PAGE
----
By: Jeff Corwin
Publisher: Rodale Books
Publication Date: October 2009
Reviewed by: Ellen Feld
Review Date: September 2009
‘100 Heartbeats’ is an exclusive animal club that no animal species should belong to in our modern world. It is a club whose members are chosen because they number 100 or less living specimens. It is a sad commentary on what humans have done to our animal brethren and it is also the name that Jeff Corwin has chosen for his newest book.
In 100 Heartbeats, Corwin examines the various manners in which an assortment of animals have been impacted negatively both by man and the environment. From global warming, to pollution, and exotic animal trafficking, to feral cats destroying native bird populations, Corwin does a good job of examining the different causes of extinction. The author recounts how something as simple as a fungus wiped out entire frog species while something much more sinister, man’s lust for ivory, is responsible for depleting many of the elephants from Kenya.
Much of the book is written about Corwin’s personal experiences with various endangered species and this is where the book shines. From tagging polar bears near the frigid village of Kaktovik, 300 miles from the Arctic Circle, to the heartbreaking tale of rescuing scores of animals kept at a private collector’s home, these tales truly make a person think. There are many captivating stories, such as the German shepherd who brought home the carcass of a black-footed ferret, thought to be extinct, which led to the discovery of a group of 130 more ferrets. Corwin tells how the ferrets next suffered a devastating outbreak of canine distemper and plague which dropped the population down to a mere 4 ferrets in the wild. A team of biologists caught all but one, dubbed ‘Scarface’ both for his scars and his tenacity at avoiding capture. Would the species rebound? You’ll have to read the book to find out. It should be noted that Corwin gets quotes from those personally involved in saving these species, which adds must to each story.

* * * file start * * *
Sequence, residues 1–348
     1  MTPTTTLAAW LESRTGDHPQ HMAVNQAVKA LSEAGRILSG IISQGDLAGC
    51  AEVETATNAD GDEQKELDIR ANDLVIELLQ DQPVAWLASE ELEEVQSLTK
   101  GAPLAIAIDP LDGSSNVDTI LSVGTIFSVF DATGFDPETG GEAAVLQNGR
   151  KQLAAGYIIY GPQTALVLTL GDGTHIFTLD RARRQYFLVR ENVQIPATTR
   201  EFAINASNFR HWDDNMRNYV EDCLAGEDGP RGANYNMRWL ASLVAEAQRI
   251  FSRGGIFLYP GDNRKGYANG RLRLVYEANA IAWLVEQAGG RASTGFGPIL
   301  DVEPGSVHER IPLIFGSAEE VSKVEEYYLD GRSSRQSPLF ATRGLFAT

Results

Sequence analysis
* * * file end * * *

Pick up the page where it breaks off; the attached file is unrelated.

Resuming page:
While the personal stories are the backbone of 100 Heartbeats, the book frequently gets bogged down in statistics. The author presents background on each animal he highlights, including in some cases, a fairly extensive history. Also included are things such as current numbers in the wild, how that quantity has varied over time, what difficulties each has faced, and what has happened to the habitat. These sections read like textbook entries and are, at best, dry and tedious. It is, to be fair, important information, but perhaps a little less technical information and more emphasis on personal experiences would be just as effective at getting readers involved in the plight of these animals.
Quill says: If you can get beyond the dry writing in parts, this is a helpful book to learn about endangered species and how we can assist them.
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